[5] Danthine, J. P. and Donaldson, J. B. (2005). Intermediate Financial Theory. Academic
Press Advanced Finance Series.
[6] Samuelson, P. A. (1965b). Rational theory of warrant pricing. Industrial Management
Review, 6, 1339.
[7] ksendal, B. (1992). Stochastic Differential Equations. Springer Verlag, Berlin.
[8] Alexander, D. (2003). Private communication.
[9] Wilmott, P. (1998). Derivatives: The Theory and Practice of Financial Engineering.
J. Wiley.
49
1 2 2
Yt
(2.13)
E(e ) = exp t + t .
2
Yt
)
The first moment can then be found as dE(e
= t when this derivative is
d
evaluated at = 0. We can write the change in Yt as
Yt and this then follows
N((t s), 2 (t s)). The moment generating function is now:
1 2
Yt
2
(2.14)
) = exp (t s) + (t s) .
E(e
2
1 2
Yt
Therefore,
E(e ) = exp((t s) + 2 (t s)), where we set = 1. One can
write, E SSut Su , u < t = E[exp(
Yt )Su ]. Please note that the notation says we
5
6
The summary is based on work from Neftci, S., An Introduction to the Mathematics of Financial Derivatives,
pp. 346358, Elsevier (2000).
Up to Section 2.10.
50
obtain the expectation of the division of St over Su for fixed u such that u < t.
We can write, E [St Su , u < t] = Su exp((t u) + 12 2 (t u)), and where Su is
treated as nonrandom at time u (and hence can be taken out of the expectation
operator).
, which will help us to
We would like to introduce a new probability measure P
transfer St , which is not a martingale, into an St , which will be a martingale, and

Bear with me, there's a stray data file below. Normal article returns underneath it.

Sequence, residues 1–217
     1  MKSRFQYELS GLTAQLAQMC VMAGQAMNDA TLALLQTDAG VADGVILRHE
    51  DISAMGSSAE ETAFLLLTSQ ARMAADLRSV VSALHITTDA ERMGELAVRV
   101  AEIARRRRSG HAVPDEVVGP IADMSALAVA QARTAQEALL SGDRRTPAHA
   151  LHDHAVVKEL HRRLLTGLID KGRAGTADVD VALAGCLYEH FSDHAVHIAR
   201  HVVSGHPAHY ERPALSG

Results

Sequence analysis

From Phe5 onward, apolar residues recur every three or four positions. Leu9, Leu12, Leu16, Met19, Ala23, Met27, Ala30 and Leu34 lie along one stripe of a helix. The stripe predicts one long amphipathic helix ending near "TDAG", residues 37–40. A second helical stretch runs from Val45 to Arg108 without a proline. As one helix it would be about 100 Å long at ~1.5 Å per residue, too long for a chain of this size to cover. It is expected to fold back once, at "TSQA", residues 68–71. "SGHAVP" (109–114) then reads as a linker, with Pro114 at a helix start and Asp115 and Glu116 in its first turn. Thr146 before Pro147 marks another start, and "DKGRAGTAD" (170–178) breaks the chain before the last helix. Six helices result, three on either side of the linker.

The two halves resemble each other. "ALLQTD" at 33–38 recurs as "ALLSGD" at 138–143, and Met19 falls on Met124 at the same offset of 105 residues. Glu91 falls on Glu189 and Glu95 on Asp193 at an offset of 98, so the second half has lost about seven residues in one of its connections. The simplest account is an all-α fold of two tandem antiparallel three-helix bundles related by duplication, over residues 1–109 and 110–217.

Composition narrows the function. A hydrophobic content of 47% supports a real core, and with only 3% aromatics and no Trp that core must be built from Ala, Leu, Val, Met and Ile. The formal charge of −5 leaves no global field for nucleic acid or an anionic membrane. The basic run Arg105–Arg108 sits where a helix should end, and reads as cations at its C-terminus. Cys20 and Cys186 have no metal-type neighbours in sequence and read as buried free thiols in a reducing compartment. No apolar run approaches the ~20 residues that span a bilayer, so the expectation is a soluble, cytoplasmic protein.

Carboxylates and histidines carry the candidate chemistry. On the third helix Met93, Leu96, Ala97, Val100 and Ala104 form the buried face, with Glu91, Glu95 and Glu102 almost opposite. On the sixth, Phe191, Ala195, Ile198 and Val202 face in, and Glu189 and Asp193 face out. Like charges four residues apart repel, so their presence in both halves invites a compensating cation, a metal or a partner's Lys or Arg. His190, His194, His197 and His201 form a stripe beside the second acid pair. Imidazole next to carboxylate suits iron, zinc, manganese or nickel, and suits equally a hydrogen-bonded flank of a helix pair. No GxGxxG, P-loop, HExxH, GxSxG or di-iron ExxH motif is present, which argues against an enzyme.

that up to a deterministic process. This approach describes a mean shift induced
with the presence of the risk free (and constant) rate of interest.
Hence, let us now write the following, E P [(exp(rf t)St Su , u < t] =
exp(rf u)Su , which in words says that the expectation of the discounted value
of a risky asset can be discounted with the risk free rate (rf ), as long as we use
. This is very useful from a finance perspective! The
the probability measure P
risk free rate of interest is not linked to preferences for risk. Hence, from a natural
science perspective, the risk free rate of interest can almost be considered as a
(timedependent . . . ) constant. We have already alluded to the usefulness of the
risk free rate of interest (and its importance) in Section 2.7.2 above.
. Associate
The key issue in the above development is to find an expression for P
that new probability to a normal density with mean t, and the same variance as
before 2 t. But what is ? Sure we can write, in analogy with E P [St Su , u < t],
that E P [St Su , u < t] = Su exp((t u) + 12 2 (t u)). But that does not bring
us much further.
We can augment the above expression, E P [St Su , u
< t], a little more by
rf (tu)
P
considering a discount factor and we could write E e
St Su , u < t =
Su erf (tu) exp((t u) + 12 2 (t u)). To say something sensible about the